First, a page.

Published online Nov 16, 2017. doi: 10.12998/wjcc.v5.i11.403
Peer-review started: July 26, 2017
First decision: August 16, 2017
Revised: August 25, 2017
Accepted: September 12, 2017
Article in press: September 13, 2017
Published online: November 16, 2017
Cervical inlet patch (CIP), also referred to as esophageal heterotopic gastric mucosa, is regarded as the residue of columnar epithelium of the embryonic esophagus. Narrow band imaging increases the detection rate of CIP. Herein, we present a 55-year-old man with symptomatic circumferential inlet patch. He exhibited globus and dysphagia, and esophagogastroduodenoscopy found cir-cumferential CIP, where im-munohistochemistry revealed the existence of pro-ton pumps (H+, K+-ATPase). His throat symptoms were relieved by acid suppressive therapy with pump inhibitors. This case indicated that CIP should be considered as a differential diagnosis for the cause of globus symptoms in rare cases.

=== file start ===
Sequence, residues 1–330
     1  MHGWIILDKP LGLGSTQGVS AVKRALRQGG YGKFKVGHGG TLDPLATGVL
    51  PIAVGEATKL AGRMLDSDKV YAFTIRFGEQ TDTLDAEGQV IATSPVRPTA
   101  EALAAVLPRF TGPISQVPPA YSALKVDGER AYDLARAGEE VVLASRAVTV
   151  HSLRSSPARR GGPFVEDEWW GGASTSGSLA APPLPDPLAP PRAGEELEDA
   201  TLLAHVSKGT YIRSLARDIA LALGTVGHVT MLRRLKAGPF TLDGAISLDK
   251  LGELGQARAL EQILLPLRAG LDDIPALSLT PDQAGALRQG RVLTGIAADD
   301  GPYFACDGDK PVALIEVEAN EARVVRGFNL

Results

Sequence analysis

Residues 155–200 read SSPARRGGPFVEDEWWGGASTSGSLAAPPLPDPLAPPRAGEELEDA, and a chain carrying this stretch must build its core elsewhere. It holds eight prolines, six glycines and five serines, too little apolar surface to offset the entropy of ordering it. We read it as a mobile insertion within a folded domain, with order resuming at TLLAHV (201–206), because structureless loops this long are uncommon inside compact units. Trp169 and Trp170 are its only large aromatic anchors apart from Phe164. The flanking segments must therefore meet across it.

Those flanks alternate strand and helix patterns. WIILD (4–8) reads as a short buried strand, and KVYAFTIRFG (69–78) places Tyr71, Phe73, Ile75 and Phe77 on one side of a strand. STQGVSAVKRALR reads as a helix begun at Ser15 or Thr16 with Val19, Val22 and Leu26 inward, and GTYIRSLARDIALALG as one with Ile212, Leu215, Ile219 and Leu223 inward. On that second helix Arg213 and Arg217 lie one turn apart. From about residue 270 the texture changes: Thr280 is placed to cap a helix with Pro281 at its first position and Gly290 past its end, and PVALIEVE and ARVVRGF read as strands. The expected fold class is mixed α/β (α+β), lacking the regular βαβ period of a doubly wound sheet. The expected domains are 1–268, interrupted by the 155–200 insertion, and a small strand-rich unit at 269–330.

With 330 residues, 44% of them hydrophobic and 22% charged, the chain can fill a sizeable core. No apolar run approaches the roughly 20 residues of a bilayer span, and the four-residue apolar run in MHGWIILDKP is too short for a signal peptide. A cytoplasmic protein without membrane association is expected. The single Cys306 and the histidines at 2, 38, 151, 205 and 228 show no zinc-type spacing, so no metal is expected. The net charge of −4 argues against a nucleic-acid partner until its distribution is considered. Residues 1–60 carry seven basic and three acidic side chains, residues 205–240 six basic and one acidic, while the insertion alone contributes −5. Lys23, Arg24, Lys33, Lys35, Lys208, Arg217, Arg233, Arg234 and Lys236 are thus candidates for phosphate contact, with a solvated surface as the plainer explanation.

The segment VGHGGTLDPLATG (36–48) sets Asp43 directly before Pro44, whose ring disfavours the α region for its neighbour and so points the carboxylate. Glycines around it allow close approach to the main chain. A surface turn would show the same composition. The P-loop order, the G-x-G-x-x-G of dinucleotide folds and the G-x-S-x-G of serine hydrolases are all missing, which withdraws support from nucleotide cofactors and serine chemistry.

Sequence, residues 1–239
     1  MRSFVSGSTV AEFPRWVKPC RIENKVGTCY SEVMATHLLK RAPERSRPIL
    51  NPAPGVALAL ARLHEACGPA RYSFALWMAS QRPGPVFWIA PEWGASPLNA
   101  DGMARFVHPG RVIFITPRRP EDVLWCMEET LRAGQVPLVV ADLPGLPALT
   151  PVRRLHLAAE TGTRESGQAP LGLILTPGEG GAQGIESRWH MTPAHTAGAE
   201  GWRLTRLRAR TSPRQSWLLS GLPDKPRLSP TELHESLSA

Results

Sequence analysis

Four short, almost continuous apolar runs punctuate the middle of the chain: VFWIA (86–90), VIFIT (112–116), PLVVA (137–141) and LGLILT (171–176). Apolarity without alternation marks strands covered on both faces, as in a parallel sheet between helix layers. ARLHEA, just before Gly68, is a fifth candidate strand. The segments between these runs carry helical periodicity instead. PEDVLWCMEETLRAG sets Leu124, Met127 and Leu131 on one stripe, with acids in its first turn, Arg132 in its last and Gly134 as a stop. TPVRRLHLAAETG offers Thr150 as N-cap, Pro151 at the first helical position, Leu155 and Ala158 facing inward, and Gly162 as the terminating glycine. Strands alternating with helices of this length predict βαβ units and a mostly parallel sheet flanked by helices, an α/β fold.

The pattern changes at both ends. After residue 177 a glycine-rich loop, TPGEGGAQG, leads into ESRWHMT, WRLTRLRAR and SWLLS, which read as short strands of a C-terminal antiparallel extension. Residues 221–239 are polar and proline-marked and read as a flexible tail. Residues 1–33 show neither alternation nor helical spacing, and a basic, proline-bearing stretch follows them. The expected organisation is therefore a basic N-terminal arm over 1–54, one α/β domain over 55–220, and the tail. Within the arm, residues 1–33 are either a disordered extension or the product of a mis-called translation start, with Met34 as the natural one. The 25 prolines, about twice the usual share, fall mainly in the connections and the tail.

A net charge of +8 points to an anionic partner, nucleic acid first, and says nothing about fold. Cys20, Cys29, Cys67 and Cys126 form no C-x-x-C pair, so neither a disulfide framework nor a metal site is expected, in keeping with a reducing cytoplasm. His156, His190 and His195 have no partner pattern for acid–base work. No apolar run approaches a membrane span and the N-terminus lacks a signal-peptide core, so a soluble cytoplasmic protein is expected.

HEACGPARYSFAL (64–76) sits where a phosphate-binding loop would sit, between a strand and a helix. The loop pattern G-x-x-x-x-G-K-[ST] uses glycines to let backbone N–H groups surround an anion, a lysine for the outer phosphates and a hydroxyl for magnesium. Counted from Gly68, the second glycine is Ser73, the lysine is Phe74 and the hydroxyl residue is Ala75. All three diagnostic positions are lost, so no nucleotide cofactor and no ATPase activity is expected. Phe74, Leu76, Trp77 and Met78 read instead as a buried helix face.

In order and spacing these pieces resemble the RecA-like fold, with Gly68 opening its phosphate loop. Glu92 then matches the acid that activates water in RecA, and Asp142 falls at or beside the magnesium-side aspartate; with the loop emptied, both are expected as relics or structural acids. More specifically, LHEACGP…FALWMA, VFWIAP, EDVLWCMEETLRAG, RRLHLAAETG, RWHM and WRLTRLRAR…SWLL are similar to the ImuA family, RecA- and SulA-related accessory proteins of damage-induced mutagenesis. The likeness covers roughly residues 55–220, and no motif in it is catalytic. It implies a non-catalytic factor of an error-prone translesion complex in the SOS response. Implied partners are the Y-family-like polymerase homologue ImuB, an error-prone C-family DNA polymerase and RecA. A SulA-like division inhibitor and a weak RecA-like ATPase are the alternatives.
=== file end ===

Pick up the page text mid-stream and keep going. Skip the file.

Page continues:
Core tip: Cervical inlet patch (CIP) is the esophageal heterotopic gastric mucosa in the cervical esophagus. We present a 55-year-old man exhibiting circumferential CIP with globus and dysphagia. Proton pump inhibitors relived these throat symptoms. Immunohistochemistry revealed existence of proton pumps in the CIP lesion. The throat symptoms were suggested to be related with CIP and acid secretion.